Something else to think about — remember the election of 2000? The election came down to who would get Florida, and George W. Bush was elected president because of 537 votes. Now, imagine if an election were decided by a national popular vote, and it came down to just a few thousand votes across the entire nation. How many recounts would we have? Too many to count, I can imagine. What a nightmare. Would we even be able to seat a president with all the lawsuits going back and forth?

    If we eliminated or watered down the Electoral College, this could very well be the scenario, and even the Huffington Post said this was a real possibility. The certainty we have in choosing a president through the Electoral College is certainly better than numerous recounts or run-offs or legal challenges like we would have in a national popular vote.

    It is funny to me how the NPV people do not like a "winner take all" (state-by-state) vote in the Electoral College, but they want this new kind of "winner take all" in their compact of states in which 50 percent plus one more vote gets you a new president.
    —-


    But imagine there is no Electoral College, or it is neutralized by the new NPV gameplan of a compact of states. Why even have states involved at all in national elections? State lines would barely matter, if at all. Now the battle would simply be between major metropolitan areas where the major population centers would be.

    Look at New York City with a population of 8.5 million. The metro area around New York has 20 million people. Los Angeles has 4 million. Los Angeles County has 10 million. I counted 41 states in the U.S. that have a population less than all of Los Angeles County. The entire metro area of Los Angeles has roughly 13 million (so that would make 43 states with smaller populations).

    In a national popular vote, you can see how one would only need to get the votes of major metropolitan areas such as the Boston to Washington corridor, Chicago, the West Coast (Seattle, San Francisco, L.A. to San Diego) and a few other major areas (such as Houston, St. Louis, Miami and Orlando), and you have a president. Essentially, California and the northeast elect the president, with a little help from friends in northern Illinois, Washington tate, and Florida.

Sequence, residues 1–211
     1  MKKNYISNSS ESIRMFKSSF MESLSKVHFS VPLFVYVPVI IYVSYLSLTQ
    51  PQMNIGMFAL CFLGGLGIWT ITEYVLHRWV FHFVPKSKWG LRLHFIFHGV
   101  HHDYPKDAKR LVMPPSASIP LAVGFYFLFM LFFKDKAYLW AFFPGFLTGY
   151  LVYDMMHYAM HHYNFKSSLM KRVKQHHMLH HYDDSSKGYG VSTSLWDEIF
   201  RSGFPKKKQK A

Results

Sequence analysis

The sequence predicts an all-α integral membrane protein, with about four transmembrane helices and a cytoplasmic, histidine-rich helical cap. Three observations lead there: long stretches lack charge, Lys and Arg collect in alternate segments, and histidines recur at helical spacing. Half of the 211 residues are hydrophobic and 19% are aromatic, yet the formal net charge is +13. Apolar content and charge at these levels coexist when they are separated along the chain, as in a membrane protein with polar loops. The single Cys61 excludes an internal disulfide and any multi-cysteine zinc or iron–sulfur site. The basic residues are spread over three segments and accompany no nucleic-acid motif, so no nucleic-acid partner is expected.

Read more @
    https://pjmedia.com/lifestyle/natio...-to-quietly-neutralize-the-electoral-college/
     
  5. slavenomore

    slavenomore US Gov Hears Foreign Corps More Than Nonunions

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    Drop all national borders and let the Han Chinese and people of India have the popular vote too.....so we can work our whole lives away for ten cents/hour to support the whole world.
     
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  6. Toby

    Toby I live Here

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    Move On is one of the driving forces behind this movement, as we should all be well aware of by now their primary funding comes from Soros foundations.
     
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  7. slavenomore

    slavenomore US Gov Hears Foreign Corps More Than Nonunions

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    Maybe they'll ease us into there Utopian plans by first brining Mexico into our votes to bring all wages down to their level first...then South America....and after we still can't compete with Chinese and Asian wages...they will bring them all into their borderless Utopia.
     
  8. slavenomore

    slavenomore US Gov Hears Foreign Corps More Than Nonunions

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    While Soros keeps living larger and larger and keeps getting fatter and fatter.
     
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  9. Toby

    Toby I live Here

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    Who’s Bankrolling the National Popular Vote Movement

    The nonprofit organization building a coalition of states that favor choosing the president by popular vote promotes itself as nonpartisan, but is financed by millions of dollars from left-leaning groups.